What is Miss Manners' opinion of the group greeting card, the kind that is "from the gang at Harry's" or whatever?

I recently signed a get-well card of this description but sent a note of my own the next day.I know Miss Manners hates condolence cards, but what about group ones? How can one refuse to sign one without seeming to call the others rude?

What about joint gifts of flowers? Is it all right to refuse to contribute? (Once I contributed money but refused to sign the card; I sent a condolence letter of my own.)

Suppose a co-worker, who has made it clearly known that she dislikes you, loses a relative? Is it kinder to send nothing? Since she is inevitably the sender of the group condolence card, no one is sending her one.

GENTLE READER - Just a minute here. Before Miss Manners answers your question about individual acknowledgments, let her see if she understands the current situation. The one person who has been tending to everyone else's losses is having her own bereavement ignored because no one else is willing to bother with the task; is that it?

That is pretty mean. Miss Manners is not crazy about group efforts, preferring individual ones, as you do, but obviously the lady concerned does believe them worthwhile, or she wouldn't have been organizing them. The decent thing for you to do in this case would therefore be to organize such a project, whether you like the lady or not.

In other cases, you need not participate in group cards or collections when you are sending your own letter. "Thanks, but I think I'll write her myself" is enough of an explanation to offer, but then Miss Manners considers you on your honor to do so.

DEAR MISS MANNERS - My father passed away last year from complications of lung-cancer surgery. He is survived by my mother, me, his widowed sister who lives in another part of the city, and many in-laws - because his sister's husband was from a large family.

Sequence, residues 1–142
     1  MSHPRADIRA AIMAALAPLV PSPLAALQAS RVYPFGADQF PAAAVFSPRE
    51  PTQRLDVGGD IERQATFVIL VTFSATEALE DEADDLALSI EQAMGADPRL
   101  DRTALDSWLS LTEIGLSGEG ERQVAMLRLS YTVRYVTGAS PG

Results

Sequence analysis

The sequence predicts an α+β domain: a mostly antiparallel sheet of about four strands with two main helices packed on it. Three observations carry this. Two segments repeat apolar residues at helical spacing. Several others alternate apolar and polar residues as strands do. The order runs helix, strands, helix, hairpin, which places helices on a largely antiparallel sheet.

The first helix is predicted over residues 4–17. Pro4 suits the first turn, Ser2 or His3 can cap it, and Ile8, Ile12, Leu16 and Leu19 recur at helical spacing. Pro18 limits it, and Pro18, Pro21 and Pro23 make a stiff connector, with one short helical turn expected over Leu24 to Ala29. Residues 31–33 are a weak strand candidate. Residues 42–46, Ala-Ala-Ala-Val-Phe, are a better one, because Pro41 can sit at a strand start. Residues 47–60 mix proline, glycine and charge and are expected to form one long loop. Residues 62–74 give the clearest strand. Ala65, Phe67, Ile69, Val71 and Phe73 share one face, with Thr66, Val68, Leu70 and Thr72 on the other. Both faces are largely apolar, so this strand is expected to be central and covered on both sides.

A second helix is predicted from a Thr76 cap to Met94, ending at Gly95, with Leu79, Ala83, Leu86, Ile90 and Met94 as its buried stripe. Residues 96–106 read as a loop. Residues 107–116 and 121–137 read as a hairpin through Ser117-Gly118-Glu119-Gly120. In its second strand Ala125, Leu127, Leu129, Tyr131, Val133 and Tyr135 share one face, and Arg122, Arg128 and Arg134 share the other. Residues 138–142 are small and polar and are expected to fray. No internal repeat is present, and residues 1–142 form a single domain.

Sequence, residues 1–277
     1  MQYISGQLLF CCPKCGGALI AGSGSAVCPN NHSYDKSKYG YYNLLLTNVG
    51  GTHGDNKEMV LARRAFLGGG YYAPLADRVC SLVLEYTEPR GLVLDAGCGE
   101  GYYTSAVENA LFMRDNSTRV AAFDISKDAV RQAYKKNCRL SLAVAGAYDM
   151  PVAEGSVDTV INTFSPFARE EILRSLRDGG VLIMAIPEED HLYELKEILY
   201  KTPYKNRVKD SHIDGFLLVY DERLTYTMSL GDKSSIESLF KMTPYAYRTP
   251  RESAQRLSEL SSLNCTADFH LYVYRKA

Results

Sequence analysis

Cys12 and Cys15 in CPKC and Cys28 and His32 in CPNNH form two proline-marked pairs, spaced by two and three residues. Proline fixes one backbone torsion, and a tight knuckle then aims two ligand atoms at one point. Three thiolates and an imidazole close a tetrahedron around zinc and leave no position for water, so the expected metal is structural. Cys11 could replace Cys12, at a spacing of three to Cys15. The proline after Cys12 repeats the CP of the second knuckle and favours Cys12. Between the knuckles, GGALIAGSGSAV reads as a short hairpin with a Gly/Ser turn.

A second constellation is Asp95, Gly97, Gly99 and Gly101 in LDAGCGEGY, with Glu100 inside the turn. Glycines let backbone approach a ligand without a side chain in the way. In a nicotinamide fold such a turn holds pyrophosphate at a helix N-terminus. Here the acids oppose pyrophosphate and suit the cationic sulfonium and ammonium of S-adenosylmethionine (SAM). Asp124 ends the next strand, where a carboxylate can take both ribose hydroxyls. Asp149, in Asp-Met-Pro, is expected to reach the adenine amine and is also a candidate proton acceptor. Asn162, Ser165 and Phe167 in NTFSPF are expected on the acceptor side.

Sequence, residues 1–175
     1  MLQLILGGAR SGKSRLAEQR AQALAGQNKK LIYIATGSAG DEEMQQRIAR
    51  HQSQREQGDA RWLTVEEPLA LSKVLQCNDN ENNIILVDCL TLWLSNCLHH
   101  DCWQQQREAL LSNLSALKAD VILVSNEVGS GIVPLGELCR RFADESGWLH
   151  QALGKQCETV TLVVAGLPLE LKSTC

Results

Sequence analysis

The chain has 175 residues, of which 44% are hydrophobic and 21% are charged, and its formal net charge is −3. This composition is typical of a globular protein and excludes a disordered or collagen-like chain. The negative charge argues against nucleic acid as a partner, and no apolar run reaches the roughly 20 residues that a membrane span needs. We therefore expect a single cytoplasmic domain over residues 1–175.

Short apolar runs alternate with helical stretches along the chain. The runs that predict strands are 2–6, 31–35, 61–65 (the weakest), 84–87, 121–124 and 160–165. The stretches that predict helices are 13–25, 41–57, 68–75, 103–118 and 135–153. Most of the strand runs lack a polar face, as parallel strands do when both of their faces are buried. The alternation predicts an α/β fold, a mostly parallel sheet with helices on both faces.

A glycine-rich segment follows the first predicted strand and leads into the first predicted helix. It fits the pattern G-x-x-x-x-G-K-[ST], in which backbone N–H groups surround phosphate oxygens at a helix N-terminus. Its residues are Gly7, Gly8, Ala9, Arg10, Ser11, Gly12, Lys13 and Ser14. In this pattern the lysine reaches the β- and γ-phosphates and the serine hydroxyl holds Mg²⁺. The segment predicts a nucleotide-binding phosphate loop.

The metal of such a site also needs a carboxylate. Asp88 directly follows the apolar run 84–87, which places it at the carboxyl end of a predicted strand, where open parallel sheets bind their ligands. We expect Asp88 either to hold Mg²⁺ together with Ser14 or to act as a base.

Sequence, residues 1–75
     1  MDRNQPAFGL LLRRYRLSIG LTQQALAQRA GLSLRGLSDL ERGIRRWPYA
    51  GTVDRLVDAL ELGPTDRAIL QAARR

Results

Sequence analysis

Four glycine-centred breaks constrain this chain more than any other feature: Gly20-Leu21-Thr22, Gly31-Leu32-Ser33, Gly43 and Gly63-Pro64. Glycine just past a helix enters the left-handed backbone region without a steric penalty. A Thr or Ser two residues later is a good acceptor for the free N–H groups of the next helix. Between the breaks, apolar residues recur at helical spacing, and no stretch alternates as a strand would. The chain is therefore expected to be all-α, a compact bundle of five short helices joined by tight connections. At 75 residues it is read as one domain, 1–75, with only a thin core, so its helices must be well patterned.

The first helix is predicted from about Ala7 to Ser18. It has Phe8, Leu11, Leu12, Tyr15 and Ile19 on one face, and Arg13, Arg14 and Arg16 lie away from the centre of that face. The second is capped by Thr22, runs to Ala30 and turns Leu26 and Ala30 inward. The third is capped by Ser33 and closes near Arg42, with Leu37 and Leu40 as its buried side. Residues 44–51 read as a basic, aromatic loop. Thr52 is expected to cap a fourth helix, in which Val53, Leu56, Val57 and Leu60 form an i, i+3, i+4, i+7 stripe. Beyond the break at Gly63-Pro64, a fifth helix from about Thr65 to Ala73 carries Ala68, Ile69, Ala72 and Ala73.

These in-laws and friends of my aunt gave money for Masses to her and not to us, which upset my mother.

Mom was even more offended when my aunt did not consult us about the money but instead took it to her church, not ours, to have Masses said for Dad. She then sent us a copy of a church document listing the donors and amounts as proof.

I discouraged Mom from confronting my aunt about this to prevent even more hard feelings. I have been too upset over losing Dad to be concerned with funeral monies and Masses, but I am curious about what is the proper practice. Should such donations go to the surviving spouse or to the deceased siblings?

GENTLE READER - Etiquette does not recognize competitive bereavement. When someone is bereaved, that person's friends should offer whatever comfort they can without having to broker it through relatives whom they may not know.

Miss Manners realizes that your mother may not be on her best behavior at this time. But she urges you to suggest gently that your father is not well-honored by having his death cause bad feelings between his wife and his sister.

DEAR MISS MANNERS - I will be turning 30 in November, and my mother and I are planning a big party for my big day. My birthday wish is to go to New York, so instead of gifts, I would prefer money to help pay for my birthday wish.

However, I'm wondering if it would be tacky to indicate this in my invitations. I would welcome your opinion on how to let people know what I really want, which is money.

GENTLE READER - As Miss Manners does not share your belief that your friends will be so moved by your achievement of this milestone in life that they will be eager to sponsor any vacation plans you may wish to spring on them, she has no opinion on how to inform them of their opportunity.

She does have a desire to let you go ahead and put your greedy wish on the invitations so as to warn off anyone who mistakenly thought you just wished to share your birthday with friends, without hoping to make a profit. But she is controlling herself.

Presents should never be expected, much less solicited. This goes double for adult birthday parties, for which token presents are customarily given. And the guest of honor is supposed to act grown-up.

Judith Martin's "Miss Manners' Guide to Rearing Perfect Children" (Atheneum) is now available for etiquette emergency consultation.

Feeling incorrect? Address your etiquette questions (in black or blue-black ink on white writing paper) to Miss Manners, in care of the Deseret News. The quill shortage prevents Miss Manners from answering questions other than through this column.